President Donald Trump was forced into a rare admission of error after a political firestorm following his defence of Russia over claims of meddling in the 2016 US elections.
Republican and Democrat politicians in the United States, as well as intelligence officials, denounced Trump’s failure to challenge his Russian counterpart Vladimir Putin over alleged interference in the elections, calling his responses at a joint news conference in Finland as “shameful” and “disgraceful”.
Speaking at the White House on Tuesday, Trump said he misspoke when he addressed reporters in Helsinki a day earlier, adding he accepts the intelligence community’s assessment that Russia did meddle in the elections won by him.
“I said the word ‘would’ instead of ‘wouldn’t,'” Trump told reporters. “The sentence should have been, ‘I don’t see any reason why it wouldn’t be Russia.'”
But Trump maintained that Russia’s action had no impact on the result, which saw him defeat Democrat rival Hillary Clinton, and denied his campaign had colluded in the effort.
In the Finnish capital on Monday, Trump refused to say he believed US intelligence agencies over Russia’s denials of meddling and delivered no condemnation of Moscow’s interference.
‘Fake news going crazy’
Trump also blasted the media for its coverage of his meeting with Putin and NATO officials last week.
“While I had a great meeting with NATO, raising vast amounts of money, I had an even better meeting with Vladimir Putin of Russia. Sadly, it is not being reported that way – the Fake News is going Crazy,” the president said on Twitter.
Al Jazeera’s Kimberly Halkett, reporting from the White House, said Trump “was sticking to the script” in his comments – a rare occurrence.
“He was almost reading this [statement]; very much an example of a White House in damage control mode, where the communications team has worked very hard to parse the statement of the president in Helsinki and try to turn it into something other than what many people believe they witnessed – and that was a president standing apart from his intelligence agencies and the conclusion that Russia meddled in the 2016 US election,” said Halkett.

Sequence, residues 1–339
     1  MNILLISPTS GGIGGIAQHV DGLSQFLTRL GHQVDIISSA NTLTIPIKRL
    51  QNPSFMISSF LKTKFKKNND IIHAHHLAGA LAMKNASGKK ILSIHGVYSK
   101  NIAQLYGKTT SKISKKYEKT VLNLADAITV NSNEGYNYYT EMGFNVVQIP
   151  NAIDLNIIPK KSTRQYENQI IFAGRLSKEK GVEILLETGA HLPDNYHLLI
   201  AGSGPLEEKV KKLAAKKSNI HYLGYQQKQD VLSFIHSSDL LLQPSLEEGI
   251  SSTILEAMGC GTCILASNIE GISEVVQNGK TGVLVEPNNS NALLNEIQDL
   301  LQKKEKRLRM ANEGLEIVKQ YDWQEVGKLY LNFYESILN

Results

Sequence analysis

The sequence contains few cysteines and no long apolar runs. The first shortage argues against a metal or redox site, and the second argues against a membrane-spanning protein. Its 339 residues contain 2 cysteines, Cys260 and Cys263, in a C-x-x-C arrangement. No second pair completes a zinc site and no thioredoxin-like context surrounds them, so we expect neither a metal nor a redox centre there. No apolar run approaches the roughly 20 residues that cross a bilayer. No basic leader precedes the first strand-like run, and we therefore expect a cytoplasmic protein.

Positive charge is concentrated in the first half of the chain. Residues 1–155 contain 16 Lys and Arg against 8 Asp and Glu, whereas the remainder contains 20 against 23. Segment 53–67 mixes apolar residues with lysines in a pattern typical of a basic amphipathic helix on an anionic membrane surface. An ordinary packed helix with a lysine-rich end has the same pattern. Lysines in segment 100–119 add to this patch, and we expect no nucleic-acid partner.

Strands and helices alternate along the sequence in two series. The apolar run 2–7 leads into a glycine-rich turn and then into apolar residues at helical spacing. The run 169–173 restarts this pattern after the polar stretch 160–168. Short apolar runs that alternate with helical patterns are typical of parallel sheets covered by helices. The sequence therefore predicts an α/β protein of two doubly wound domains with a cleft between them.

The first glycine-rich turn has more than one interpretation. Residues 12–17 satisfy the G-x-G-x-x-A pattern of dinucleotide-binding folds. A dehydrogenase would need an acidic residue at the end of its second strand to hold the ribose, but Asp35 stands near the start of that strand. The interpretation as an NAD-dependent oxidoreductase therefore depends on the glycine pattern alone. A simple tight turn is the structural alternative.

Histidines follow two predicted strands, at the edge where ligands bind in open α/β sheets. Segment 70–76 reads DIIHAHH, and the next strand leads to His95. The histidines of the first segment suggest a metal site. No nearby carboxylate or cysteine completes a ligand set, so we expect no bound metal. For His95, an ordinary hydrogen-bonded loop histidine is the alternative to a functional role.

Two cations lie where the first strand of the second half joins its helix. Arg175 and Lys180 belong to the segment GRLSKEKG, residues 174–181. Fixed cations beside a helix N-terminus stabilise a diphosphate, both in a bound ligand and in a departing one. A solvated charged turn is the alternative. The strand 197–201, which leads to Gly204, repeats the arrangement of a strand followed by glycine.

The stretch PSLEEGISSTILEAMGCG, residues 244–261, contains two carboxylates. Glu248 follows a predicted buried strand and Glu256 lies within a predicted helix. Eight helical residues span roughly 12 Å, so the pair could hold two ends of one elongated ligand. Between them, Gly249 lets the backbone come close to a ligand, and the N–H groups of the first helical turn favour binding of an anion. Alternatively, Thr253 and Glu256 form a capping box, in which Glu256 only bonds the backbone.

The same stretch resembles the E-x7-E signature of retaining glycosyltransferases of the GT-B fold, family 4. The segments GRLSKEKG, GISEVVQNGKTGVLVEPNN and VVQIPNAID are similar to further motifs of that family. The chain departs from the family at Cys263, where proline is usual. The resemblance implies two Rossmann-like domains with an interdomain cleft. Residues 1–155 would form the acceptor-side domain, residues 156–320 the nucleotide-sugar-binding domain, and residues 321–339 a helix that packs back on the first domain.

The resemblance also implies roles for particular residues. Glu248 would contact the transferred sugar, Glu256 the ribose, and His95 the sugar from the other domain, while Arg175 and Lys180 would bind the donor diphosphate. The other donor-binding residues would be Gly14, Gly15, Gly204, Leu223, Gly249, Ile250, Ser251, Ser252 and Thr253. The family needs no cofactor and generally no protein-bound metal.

The political firestorm over Trump’s performance at the Helsinki news conference engulfed the US administration and spread to his fellow Republicans, eclipsing most of the frequent controversies that have erupted during the presiednt’s turbulent 18 months in office.
Taking direct issue with the president who appointed him, Director of National Intelligence Dan Coats said US spy agencies have been “clear” and “fact-based” in their assessment that Moscow interfered in the presidential race two years ago.
John McCain, the senior Republican senator, said Trump’s seeming acceptance of Putin’s denial was a historical “low point” for the US presidency.
The language used by Democrats was much harsher, including accusations of “treason”.
“For the president of the US to side with President Putin against American law enforcement, American defence officials, and American intelligence agencies is thoughtless, dangerous, and weak,” Democratic Senate leader Chuck Schumer said.
Democratic California Representative Jimmy Gomez charged: “To side with Putin over US intelligence is disgusting; to fail to defend the US is on the verge of treason.”
Some lawmakers said they would seek remedies against Russia in Congress.
Several senators from both parties backed tougher sanctions on Russia, but it was unclear if Republican congressional leaders would support such a move or what new sanctions might be crafted.
House Speaker Paul Ryan, who called Russia’s government “menacing,” said he would consider additional sanctions on Russia and reiterated his support for US intelligence findings that Russia interfered in the 2016 election.
Last week, the US Department of Justice indicted 12 Russians for hacking Democratic Party computers.
Source: Al Jazeera, News Agencies